What do you do when the deficit is falling faster than it has in generations and the health care plan you've been comparing to the Holocaust/slavery/Armageddon for years is starting to look as if it will be more popular than expected?
What do you do when a large chunk of your party's House caucus still wants to shut down the government or possibly default on the nation's debt over the deficit and/or that health care plan?
What do you do when people in your own party are spending time and money letting Republicans know that the price of voting to keep the government functioning could be an expensive and possibly career-ending primary challenge?
In private, Republicans have begun to worry.
Off the record, some insiders have told journalists that they're afraid to lose the House, even though the GOP should actually gain seats, the way the out party generally does after a president has been in office for six years.
Sensing his dilemma, Speaker John Boehner (R-OH) did something extraordinary this week, something akin to a parent posting a positive drug test on his or her child's Facebook page. Boehner had his pollster David Winston release a survey that shows the public overwhelmingly opposes a government shutdown. Women decisively oppose it 61 to 29 percent.
But Boehner's problem is that this poll, the one that's supposed to help him keep the government open, shows that one group supports a shutdown by a large margin, 63-27: very conservative voters, the people most likely to show up to vote in a primary and scream at you in a town hall meeting.
Thus is Boehner's predicament. Republicans know Americans don't want a shutdown, but Americans aren't going to decide if Republican House members still have a job that comes with a free ticket to the State of the Union in 2014... primary voters are.
This has led Boehner to twist himself into all kinds of contortions to give his caucus some excuse for why they actually have to vote to fund the government beyond September 30 of this year. His latest plan involves the automatic budget cuts known as the sequester.
"The president is desperate to get rid of the sequester... so desperate that he says he'll shut down the government if Congress follows the law and funds the government at the levels his sequester mandates," Boehner said, according to Roll Call. "The president's threat to shut down the government if we implement his sequester is not a defensible position. The American people won't stand for it, and we're not going to be swayed by it."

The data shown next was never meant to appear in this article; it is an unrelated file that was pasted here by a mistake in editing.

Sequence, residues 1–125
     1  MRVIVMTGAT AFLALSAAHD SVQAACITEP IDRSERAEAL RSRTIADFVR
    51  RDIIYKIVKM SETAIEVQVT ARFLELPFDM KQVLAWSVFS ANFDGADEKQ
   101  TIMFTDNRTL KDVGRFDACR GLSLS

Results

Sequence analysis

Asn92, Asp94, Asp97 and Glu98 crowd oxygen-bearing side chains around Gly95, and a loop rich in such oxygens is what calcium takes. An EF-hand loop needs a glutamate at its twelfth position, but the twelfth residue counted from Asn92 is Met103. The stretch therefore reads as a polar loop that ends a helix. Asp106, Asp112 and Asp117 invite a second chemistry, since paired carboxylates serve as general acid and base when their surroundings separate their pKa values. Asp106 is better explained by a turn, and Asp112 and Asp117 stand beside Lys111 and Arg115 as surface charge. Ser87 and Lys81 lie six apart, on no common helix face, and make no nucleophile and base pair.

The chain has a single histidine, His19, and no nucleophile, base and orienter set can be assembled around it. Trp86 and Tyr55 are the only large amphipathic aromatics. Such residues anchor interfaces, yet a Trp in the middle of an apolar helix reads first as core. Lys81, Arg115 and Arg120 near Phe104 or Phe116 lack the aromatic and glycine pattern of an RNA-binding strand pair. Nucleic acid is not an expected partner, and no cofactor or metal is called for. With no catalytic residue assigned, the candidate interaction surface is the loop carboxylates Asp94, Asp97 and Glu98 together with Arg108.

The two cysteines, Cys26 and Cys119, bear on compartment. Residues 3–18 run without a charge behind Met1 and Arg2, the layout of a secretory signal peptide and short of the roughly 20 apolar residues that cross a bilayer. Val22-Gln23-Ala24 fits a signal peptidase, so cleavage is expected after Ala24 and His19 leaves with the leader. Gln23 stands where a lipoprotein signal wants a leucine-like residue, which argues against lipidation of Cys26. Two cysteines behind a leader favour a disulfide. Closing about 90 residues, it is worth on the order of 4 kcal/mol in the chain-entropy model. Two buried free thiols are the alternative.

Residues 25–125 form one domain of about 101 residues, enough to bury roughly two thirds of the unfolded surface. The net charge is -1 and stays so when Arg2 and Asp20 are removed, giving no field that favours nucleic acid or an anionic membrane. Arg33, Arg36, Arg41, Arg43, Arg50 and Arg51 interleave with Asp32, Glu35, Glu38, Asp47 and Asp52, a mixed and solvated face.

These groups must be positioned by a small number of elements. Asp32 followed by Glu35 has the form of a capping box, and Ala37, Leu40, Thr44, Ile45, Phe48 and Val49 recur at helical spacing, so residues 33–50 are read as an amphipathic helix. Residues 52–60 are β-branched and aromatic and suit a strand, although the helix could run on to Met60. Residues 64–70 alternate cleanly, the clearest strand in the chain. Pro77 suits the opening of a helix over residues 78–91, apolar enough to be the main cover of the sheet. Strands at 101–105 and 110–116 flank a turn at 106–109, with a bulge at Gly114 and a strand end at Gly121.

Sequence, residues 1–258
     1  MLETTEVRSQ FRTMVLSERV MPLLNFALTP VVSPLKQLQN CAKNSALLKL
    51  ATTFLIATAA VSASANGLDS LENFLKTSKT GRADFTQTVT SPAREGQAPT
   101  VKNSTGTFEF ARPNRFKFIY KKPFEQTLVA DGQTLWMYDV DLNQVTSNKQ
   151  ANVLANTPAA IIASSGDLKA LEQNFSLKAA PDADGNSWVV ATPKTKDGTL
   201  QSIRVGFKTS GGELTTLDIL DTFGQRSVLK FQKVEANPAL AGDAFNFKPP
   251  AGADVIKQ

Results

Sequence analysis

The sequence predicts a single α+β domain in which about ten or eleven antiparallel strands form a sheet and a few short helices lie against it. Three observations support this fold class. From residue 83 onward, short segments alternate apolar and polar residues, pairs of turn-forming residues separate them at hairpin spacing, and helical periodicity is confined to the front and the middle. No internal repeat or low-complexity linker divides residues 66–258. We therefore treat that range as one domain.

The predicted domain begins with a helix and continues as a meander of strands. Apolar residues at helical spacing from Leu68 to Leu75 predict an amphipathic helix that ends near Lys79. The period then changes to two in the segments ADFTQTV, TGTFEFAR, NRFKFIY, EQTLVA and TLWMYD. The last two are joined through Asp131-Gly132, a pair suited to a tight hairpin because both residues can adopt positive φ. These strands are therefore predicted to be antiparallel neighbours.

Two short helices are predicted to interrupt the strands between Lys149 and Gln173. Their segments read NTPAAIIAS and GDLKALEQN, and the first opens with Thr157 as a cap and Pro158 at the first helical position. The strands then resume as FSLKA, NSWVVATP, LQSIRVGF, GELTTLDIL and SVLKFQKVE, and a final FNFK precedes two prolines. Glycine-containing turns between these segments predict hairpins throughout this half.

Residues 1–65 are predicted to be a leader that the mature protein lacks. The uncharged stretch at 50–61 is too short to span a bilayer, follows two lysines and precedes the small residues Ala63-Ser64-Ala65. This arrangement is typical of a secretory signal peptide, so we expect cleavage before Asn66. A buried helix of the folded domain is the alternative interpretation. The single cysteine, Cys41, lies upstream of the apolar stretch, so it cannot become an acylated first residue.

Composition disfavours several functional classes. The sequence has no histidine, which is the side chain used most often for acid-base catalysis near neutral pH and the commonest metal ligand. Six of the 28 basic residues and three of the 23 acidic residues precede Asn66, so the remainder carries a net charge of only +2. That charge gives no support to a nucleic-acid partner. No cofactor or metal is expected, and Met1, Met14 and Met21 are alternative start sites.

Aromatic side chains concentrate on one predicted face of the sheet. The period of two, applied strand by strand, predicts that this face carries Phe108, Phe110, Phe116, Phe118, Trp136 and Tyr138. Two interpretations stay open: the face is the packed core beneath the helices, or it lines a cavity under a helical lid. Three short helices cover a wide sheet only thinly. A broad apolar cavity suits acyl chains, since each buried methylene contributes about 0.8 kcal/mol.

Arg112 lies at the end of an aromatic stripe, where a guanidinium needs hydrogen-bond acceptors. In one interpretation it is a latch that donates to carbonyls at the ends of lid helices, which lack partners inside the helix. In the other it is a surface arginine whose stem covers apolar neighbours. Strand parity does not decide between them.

This is the equivalent to the scene in The Naked Gun, when Lt. Frank Drebin responds to a suspect who has a gun to the head of a hostage by grabbing a random passerby to hold as his own hostage. Of course, in this situation, the hostage House Republicans are holding is the future of the GOP itself.
The president is opposed to the sequestration, but has never threatened to shut down down the government over it. He certainly isn't touring the country demanding the end of the sequester and accusing of anyone who votes for it of being for it, the way Senator Ted Cruz (R-TX) is over Obamacare.
And Boehner's biggest problem isn't the president when it comes to these budget cuts -- it's his own party, just as the Republicans' biggest problem for 2016 is the fact that it's nearly impossible for them to lose the House in 2014.
"Sequestration -- and its unrealistic and ill-conceived discretionary cuts -- must be brought to an end," Rep. Hal Rogers (R-KY), the House's chief appropriator, said in July, after his committee failed to come up with a bill for federal transportation and housing and urban development that met the level of cuts Republicans want in the next budget.
Rogers knows those cuts probably won't hurt his party in 2014 when constituents barely have time to process what it means to start slashing the government even more as our recovery sputters along. But by 2016, when demographics have shifted even more away from the GOP and millions more voters show up to vote for the president, Democratic candidates will have specific cuts that Republican reps voted for, rather than giving up tax breaks for private jets or Mitt Romney. But still Boehner is relying on keeping sequestration as his safest bet for avoiding a shutdown.
And when it comes to immigration, the Republican situation is even more dire. Republicans cannot win the presidency if their next nominee does worse with Latino voters than Mitt Romney, who did worse than John McCain, who did worse than George W. Bush.
The Washington Post's Greg Sargent asked the Cook Report how many Republican House seats have enough Latino voters to swing the outcome of a race in 2014: a grand total of five.
Shut down the government, threaten to default on America's debt, destroy immigration reform that's already passed the Senate and you'll keep your job in 2014... and likely cost your party any chance at the White House.
But at least you've stood by your principles!
Of course, when House Republicans stood by their principles in the 1990s, the result was a Republican president who ran against them to win the primary, then grew the government and forever spoiled the notion that tax cuts for the rich create jobs.
House Republicans are nearly impervious to the opinions of anyone but the far right of their party. Of course, Speaker Boehner can always make a deal with House Democrats to keep the government open, raise the debt limit and pass immigration reform. But the same way his members fear a primary challenge, he fears a coup.
So, for now, America's only hope is that he can trick his party into thinking that they care about the hostage he grabbed.
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